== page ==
There is probably an additional twist, which explains the difference in the level of disease between herds and countries. There has to be a certain level of viral challenge or infection in the pig for severe clinical disease to be expressed (Olvera and others, 2004), and it is probable that in clean, good hygiene herds the level of challenge is relatively low, so the disease level is low. In the UK we have a lot of straw-based solid-floor systems, which tend to increase that challenge (Scott and others, 2006) and, I suspect, precipitate disease when the maternally derived immunity has waned.

Hopefully, some of the myths and confusion over PCV-2 infections can now be resolved and with the introduction of the new vaccines we can overcome this terrible condition and restore pig production to normal, at long last.



Auvigne, V., Herin, J.B., Fily, B. and Joisel, F., (2006) Evaluation of the first field results of vaccination against PCV2 with Circovac®. Proceedings of the 19th International Pig Veterinary Society Congress, Copenhagen, Denmark, p 105

Desrosiers, R., Clark, E., Tremblay, D. and Tremblay, R. (2007) Proceedings 38th American Association of Swine Veterinarians Conference, Orlando, USA, pp 143-145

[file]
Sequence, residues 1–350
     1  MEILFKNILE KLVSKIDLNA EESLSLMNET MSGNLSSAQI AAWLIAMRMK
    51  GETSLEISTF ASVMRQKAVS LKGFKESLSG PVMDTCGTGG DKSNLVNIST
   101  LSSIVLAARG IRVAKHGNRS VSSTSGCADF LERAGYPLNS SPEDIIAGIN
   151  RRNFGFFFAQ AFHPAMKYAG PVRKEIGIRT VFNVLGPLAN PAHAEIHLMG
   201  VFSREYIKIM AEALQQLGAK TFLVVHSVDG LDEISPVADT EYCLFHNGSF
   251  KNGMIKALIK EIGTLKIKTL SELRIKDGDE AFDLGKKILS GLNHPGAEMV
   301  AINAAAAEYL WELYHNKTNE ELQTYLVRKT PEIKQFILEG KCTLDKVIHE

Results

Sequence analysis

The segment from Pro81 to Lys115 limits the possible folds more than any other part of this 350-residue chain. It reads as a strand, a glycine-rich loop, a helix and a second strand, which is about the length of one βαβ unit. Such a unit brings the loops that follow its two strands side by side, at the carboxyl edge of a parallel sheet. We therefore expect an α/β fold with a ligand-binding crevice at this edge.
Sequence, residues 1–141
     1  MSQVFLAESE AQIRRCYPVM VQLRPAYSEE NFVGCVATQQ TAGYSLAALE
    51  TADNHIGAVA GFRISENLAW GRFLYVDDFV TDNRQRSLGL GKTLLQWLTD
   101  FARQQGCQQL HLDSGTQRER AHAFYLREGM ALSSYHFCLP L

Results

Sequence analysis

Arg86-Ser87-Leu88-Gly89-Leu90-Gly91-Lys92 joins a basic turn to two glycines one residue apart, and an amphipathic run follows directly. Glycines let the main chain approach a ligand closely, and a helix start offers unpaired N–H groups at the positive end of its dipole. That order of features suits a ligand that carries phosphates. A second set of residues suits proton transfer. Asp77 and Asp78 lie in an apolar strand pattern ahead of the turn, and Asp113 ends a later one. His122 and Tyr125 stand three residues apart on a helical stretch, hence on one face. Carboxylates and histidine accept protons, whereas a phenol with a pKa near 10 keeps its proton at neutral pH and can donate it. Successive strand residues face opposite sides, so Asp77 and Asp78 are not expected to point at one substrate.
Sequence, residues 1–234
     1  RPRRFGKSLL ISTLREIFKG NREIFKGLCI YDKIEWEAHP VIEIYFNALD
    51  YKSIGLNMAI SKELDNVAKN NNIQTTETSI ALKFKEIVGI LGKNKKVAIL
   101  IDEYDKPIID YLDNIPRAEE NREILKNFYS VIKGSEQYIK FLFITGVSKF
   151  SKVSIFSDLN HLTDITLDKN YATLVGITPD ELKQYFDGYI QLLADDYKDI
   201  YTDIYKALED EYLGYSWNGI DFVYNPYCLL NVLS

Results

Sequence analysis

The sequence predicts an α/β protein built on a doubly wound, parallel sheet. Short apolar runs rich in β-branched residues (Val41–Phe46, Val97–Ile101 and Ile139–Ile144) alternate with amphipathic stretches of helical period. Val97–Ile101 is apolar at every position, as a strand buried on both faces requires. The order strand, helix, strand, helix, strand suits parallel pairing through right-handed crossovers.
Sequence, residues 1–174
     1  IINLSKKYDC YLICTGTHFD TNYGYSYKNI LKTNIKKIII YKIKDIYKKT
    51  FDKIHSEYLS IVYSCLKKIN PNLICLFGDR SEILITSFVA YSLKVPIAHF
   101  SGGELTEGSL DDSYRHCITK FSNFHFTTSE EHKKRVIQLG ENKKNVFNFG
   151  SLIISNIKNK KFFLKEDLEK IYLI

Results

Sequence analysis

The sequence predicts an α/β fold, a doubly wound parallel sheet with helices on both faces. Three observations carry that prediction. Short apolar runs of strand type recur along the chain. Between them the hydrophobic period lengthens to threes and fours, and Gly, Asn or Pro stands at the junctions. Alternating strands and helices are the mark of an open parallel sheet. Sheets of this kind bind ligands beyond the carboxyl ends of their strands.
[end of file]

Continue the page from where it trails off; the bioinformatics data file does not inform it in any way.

Fowler, A. (2006) 2005 Pig Cost of Production in Selected EU countries (www.BPEX.org )

Muirhead, M. R. (1977) Veterinary problems of intensive pig husbandry. Veterinary Record, 99, 288-292

Olvera, A., Sibila, M., Calsamiglia, M., Segales, J. Domingo, M. (2004) Comparison of porcine circovirus type 2 load in serum quantified by a real time PCR in postweaning multisystemic wasting syndrome and porcine dermatitis an nephropathy syndrome naturally affected pigs. Journal of Virological Methods, 117, 75-80

Scott, K., Chennells, D.J., Campbell, F.M., Hunt, B., Armstrong, D., Taylor, L., Gill, B.P. and Edwards, S.A. (2006) The welfare of finishing pigs in two contrasting housing systems: fully slatted versus straw-bedded accommodation. Livestock Science, 103, 104-115

Thomas, P., Opriessnig, T., McKeown, N, Meng, X-J, Halbur, P.G., (2005) Effect of PCV2 passive antibody levels on immunization with chimeric PCV1-2 vaccine and challenge with wild-type PCV2. Proceedings of the American Association of Swine Veterinarians Meeting, Toronto, Ontario, Canada, pp 23-25